I’m a grown up and realise that if you want to get into these types of public discussions, you have to take a fair amount of criticism, most of it unjustified but it is part of the price you pay for entering a public debate.
    Most of my opponents seem perfectly happy to defame and malign me at every opportunity but become rather agitated when I respond in defence of my own reputation. They can dish it out but can’t take the heat when the blowtorch of public opinion turns against them.
    But I’m happy to let the readers decide who has the backing of majority support.
    I doubt it is either of you two and if we were ever allowed to have a vote on this issue
    I am confident you would find that simple statement to be true.
    Wonderful rain. We really needed it.

    1. Will Dobbie says:

      “Wonderful rain. We really needed it.”
      Yup,
      from Matthew 5:45….”He causes his sun to rise on the evil and the good, and sends rain on the righteous and the unrighteous.”
      For this too I am most thankful.
      Cheers, W

  5. Pamela Crawford says:

    Clive, we are a bi-cultural nation not a multicultural one. Although, yes, we have other ethnicities living in Aotearoa. Having other ethnicities living here does not make the bi-cultural relationship, between Māori and the Crown, under the Treaty, void.

  6. Cameron Hunter, Harataunga says:

    Wow! This talk of, “fights, cowardly actions, incitement to violence, illegitimate authority, protecting the very basis of our existence, subversion of will, swearing allegiance, we will return” etc, has all the inflammatory hallmarks of a disgraced US President!
    It’s difficult to imagine that since Maori don’t control our country’s military, police force, its law-making machine and represent a mere 15% of the vote, that such comments are well-founded.
    One of the freedoms our forebears (including Maori) died in defence of was speech. Including, unfortunately, that of bigots.

  7. Clive Bibby says:

    With respect Pamela, I appreciate that some would prefer we had remained a mono-culture but we are what we are and while recognising that simple fact, need to find a way that will celebrate the positive contributions that each culture brought to this country – including that of tangata whenua which began with a migration of its own.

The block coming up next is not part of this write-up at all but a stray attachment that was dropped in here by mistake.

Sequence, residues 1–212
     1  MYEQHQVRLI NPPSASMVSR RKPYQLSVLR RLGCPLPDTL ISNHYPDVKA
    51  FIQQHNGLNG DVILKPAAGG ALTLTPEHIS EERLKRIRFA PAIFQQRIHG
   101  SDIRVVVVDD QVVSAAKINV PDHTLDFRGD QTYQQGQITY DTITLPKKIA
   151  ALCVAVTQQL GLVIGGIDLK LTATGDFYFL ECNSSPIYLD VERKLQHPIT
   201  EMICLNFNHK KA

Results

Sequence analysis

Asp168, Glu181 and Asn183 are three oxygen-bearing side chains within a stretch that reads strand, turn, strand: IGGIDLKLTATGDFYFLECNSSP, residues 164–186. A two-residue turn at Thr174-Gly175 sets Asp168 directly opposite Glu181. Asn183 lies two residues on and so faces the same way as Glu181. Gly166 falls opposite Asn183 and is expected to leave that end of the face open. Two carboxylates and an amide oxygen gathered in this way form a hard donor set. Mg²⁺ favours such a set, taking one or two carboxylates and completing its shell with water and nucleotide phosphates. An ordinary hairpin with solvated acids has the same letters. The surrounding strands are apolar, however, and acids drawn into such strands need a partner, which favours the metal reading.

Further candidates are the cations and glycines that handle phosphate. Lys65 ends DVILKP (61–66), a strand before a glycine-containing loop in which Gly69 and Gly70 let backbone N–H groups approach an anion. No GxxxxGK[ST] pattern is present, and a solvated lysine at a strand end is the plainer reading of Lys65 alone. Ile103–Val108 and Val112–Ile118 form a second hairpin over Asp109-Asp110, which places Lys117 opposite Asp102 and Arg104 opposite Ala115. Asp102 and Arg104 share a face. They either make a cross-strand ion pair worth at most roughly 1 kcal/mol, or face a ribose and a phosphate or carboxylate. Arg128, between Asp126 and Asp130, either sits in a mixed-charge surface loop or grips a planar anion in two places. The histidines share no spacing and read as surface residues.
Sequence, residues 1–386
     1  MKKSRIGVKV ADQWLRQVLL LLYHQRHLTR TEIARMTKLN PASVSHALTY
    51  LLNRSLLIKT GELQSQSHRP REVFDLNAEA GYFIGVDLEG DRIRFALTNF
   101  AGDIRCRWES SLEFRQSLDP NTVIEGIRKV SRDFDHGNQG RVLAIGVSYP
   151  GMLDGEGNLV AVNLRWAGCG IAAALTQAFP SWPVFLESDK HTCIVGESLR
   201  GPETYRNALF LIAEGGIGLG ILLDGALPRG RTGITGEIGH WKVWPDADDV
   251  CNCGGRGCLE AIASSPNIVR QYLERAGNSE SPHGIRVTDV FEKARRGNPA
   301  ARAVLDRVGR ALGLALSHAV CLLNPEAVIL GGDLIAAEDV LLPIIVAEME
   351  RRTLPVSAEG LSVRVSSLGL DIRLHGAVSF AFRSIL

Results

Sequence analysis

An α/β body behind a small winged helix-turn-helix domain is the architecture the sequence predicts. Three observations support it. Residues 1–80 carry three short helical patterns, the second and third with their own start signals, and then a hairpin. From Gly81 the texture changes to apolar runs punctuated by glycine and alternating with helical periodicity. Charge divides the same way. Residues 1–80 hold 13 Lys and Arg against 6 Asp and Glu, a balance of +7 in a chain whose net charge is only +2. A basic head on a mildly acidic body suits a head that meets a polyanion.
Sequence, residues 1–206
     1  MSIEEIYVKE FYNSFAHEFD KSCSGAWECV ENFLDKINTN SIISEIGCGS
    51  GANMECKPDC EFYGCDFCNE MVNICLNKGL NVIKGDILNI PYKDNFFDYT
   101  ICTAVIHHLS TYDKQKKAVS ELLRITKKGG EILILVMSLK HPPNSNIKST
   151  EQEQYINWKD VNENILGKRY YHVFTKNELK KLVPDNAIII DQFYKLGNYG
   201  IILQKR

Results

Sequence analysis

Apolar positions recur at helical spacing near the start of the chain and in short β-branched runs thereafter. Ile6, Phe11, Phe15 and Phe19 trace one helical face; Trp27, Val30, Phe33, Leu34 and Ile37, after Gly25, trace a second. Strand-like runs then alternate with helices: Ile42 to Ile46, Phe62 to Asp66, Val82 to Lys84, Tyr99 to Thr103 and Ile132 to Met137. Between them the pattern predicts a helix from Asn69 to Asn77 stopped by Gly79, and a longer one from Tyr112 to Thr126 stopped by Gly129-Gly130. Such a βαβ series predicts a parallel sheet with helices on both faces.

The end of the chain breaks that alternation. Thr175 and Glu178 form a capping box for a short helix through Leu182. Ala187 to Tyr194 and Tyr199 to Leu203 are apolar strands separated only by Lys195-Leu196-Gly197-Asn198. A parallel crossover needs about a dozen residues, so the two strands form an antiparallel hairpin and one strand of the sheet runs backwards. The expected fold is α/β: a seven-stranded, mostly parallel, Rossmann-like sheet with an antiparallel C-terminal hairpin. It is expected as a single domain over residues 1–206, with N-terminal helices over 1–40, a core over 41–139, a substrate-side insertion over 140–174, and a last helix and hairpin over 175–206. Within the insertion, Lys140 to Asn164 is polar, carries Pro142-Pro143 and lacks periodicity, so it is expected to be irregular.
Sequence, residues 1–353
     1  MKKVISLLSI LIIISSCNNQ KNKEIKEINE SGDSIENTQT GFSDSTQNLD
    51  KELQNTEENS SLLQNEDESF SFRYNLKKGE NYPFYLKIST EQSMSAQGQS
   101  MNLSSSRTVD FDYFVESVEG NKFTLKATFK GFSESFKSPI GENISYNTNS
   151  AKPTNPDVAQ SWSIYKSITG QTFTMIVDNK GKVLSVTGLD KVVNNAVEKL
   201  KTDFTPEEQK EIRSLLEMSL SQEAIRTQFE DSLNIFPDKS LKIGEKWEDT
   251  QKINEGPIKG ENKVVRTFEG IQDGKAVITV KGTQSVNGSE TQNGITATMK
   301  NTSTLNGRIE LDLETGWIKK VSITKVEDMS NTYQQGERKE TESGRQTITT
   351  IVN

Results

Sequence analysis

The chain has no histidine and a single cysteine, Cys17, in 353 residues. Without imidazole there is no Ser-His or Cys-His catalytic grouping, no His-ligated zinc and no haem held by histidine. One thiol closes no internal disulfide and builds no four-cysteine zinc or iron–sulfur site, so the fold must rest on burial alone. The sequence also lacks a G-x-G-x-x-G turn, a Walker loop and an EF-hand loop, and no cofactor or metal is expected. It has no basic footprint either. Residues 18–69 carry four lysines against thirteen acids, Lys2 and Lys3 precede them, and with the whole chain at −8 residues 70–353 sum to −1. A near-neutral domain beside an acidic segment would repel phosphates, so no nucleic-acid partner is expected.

I can’t imagine the Muslim families, whose newly granted citizenship was attacked with such vengeance last year, would disagree with the assumption that they are entitled to the same rights as you and I even though we are descendants of the two groups who signed a bi-cultural document.
    After all, the constant critical refrain of those who oppose my stance is that we all need to move on.
    I don’t see how we can do that while your hope is for a future not shared with a significant number of new arrivals.
    I believe those who were signatories of the treaty would have been hoping for a shared future with equal status for all who gave allegiance to its founding principles – irrespective of origin.
    You seem to doubt that was their intention.

  8. Thelma Karaitiana says:

    Conflict and disagreements are inevitable in all relationships because people simply do not always have the same needs, opinions, and expectations. But when the disagreement is irrational and runs amok so as to deliberately generate conflict, then others have an obligation to challenge it.
    Disagreement is commonplace enough, but it becomes dangerous when it seeks to invoke bias towards other members of society. The threats and bullying threaded throughout Mr Bibby’s article are frankly a poor choice of words which do nothing to foster freedom, creativity, and safety in our communities. I fail to see how inciteful behaviour provides protection in a society so desirous of safety and wellbeing. If the point is to disagree with the tangata whenua activating their democratic right to challenge the norm of the local government statutory process, then surely making a submission will suffice.

    1. Kurt Mastrovich, Auckland says:

      Fantastic comment Thelma, you hit the nail on the head! I couldn’t help but feel deeply saddened by Clive’s quite frankly abhorrent opinion and I’m glad that the reality is those of us who are the future reject his opinion.